Though ‘o Piecuro (Italian for “the coward”) became Massimiliano Caiazzo’s nickname after his breakout role in the Italian teen drama The Sea Beyond, the young Italian actor is far from embodying his character’s moniker in real life. Interestingly, before auditioning for the Netflix show, which tells the story of inmates at a juvenile detention center in coastal Italy, Caiazzo was considering a break from Italian cinema (and Rome altogether).

Four years later, after having gained international recognition for his role as the mob heir turned hairdresser, Carmine Di Salvo, in The Sea Beyond, he is learning how to manage the schedule of a full-on star. As VMAN hits the market, so will the fourth season of The Sea Beyond, and Caiazzo is in the middle of filming something else for the streaming giant, which will be announced later this year alongside a Disney Plus film, Wonder Boys.

All clothing and tie DOLCE & GABBANA / Earrings talent’s own

And, of course, he’s looking good, too! As a Fendi ambassador, the performer’s bond with clothes is an important one. Over the phone on one Italian winter afternoon, we chatted about the actor’s relationship with fashion, style, fame, and more.

VMAN: Tell me about your roots and growing up close to Naples: How much of an impact do your origins have on the roles you play?

MASSIMILIANO CAIAZZO: Castellammare di Stabia’s proximity to the sea has left an important signature growing up. I did water sports for many years at a competitive level and that dedication became the mold to build my characters’ emotional point of view. It is no coincidence that the first roles I played were all roles with roots in the language and city of Naples.

VMAN: Now living in Rome, how much of Italian culture do you bring to your acting?

MC: It’s been 9 years since I first came to Rome. This city has been crucial to my training and I still connect with my mentors anytime I have to play a new character. Italianness, which is not and must not be a stereotype, is an inevitable transverse hint to all the roles that I have played: an important added value, I believe. Pier Paolo Pasolini has been a crucial artist for me, as have the films of Massimo Troisi, Totò, and Eduardo de Filippo.

VMAN: Rome is defined as the eternal city. Do you think the arts—like cinema and fashion—are eternal, too? Or, rather, strongly attached to the moment?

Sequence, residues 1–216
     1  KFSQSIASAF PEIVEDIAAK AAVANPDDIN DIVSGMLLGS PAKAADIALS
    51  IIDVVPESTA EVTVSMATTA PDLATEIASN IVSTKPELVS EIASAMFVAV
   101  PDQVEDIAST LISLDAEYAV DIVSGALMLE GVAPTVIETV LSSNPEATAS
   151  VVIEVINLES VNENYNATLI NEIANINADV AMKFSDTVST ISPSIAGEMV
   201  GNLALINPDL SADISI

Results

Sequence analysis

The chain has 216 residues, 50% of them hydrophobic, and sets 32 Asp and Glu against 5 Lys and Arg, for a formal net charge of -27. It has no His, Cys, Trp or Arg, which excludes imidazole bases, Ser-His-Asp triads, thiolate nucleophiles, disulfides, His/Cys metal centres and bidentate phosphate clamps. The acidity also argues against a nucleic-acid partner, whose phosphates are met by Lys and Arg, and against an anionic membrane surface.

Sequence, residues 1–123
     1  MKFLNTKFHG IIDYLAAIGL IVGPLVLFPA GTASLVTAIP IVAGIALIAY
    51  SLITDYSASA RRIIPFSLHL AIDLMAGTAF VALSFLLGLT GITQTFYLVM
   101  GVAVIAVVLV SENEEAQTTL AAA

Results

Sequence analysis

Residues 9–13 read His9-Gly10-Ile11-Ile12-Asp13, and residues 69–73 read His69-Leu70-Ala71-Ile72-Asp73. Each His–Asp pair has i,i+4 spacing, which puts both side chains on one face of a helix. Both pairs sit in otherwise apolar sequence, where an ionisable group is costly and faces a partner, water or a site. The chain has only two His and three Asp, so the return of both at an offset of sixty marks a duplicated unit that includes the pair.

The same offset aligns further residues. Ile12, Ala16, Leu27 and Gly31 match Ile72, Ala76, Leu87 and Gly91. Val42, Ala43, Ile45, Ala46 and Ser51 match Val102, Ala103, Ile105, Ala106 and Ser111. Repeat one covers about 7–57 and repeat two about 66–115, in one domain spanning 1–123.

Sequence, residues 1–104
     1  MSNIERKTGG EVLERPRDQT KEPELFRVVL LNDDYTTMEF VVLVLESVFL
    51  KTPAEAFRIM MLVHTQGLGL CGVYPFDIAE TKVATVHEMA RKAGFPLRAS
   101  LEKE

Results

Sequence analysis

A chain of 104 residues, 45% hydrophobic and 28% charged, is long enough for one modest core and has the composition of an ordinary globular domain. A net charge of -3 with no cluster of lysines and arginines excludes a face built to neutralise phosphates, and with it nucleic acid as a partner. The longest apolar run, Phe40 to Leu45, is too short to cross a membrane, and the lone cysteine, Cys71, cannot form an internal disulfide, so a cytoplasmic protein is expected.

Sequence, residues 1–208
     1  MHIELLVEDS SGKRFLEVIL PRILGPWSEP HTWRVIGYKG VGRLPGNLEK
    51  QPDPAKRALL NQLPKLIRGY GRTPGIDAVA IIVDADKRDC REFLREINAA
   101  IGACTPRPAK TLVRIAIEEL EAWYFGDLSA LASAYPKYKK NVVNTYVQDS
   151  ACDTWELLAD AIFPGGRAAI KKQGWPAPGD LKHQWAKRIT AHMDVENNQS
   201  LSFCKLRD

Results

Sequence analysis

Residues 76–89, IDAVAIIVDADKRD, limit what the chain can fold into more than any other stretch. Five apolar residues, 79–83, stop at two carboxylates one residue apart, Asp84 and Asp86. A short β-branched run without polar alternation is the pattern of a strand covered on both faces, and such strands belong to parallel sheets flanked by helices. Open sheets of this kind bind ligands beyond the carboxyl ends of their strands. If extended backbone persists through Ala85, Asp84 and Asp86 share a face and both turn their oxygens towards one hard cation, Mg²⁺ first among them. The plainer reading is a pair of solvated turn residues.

MC: One thing doesn’t exclude the other. Every artistic event is the manifestation of a certain historical period and its specific circumstances, the difference lies in the artist. When an artist manages to channel a universal message, you have a classic.

VMAN: How does fashion help you embody the characters you play?

MC: Costumes and fashion can provide insight into a character’s general physicality. When I played Riccardo Degli Esposti in “Filumena Marturano”, the way he dressed gave the character a certain type of movement that differentiated him from the others.

VMAN: Outside of cinema, what’s your personal relationship with clothes?

MC: I am very fascinated by fashion. If I find myself playing a character for a long time, their stylistic characteristics end up influencing me. At some point, I had to dress very urban for six months and I never got rid of [the] high-waisted pants. In any case, clothes rhyme with comfort to me.

VMAN: If you had to choose a garment that represents you, which would it be and why?

MC: High-waist flared pants and boots. I feel very comfortable with both and I have many different models, which I like to pair with rings.

VMAN: Do you have any rituals before filming a scene?

MC: Whether it’s a stage or a set, I always kiss my hand and touch the floor I’m walking on. I am very “scaramantico” (superstitious in Italian) but, other than that, I change gestures from role to role.

VMAN: What’s your relationship with success and failure?

All clothing FENDI / Earrings talent’s own

MC: It’s human, I had to learn how to handle what is happening. It scares me to fail, but sport has taught me that defeat can ignite the fire for victory as it makes you hungry.

VMAN: What’s the role of cinema in wartime?

MC: Cinema, like art, is a testimony to the present moment, animated by artists who have the courage to witness reality. It doesn’t have the power to change things but it has the power to shake consciences.

This story appears in the pages of VMAN 52: now available for purchase!

Photography Brett Lloyd

Fashion Robert Rabensteiner 

Groomer Giulio Ordonselli

Set design Soraja Cehic

Executive producer Lucinda Agar (Magma Productions)

Producer Serena Notarmasi (Magma Productions)

Photo assistants Enrico Brunetti, Valerio Di Girolamo

Stylist assistant Irene Casillo

Production assistant Gus Riccioni 

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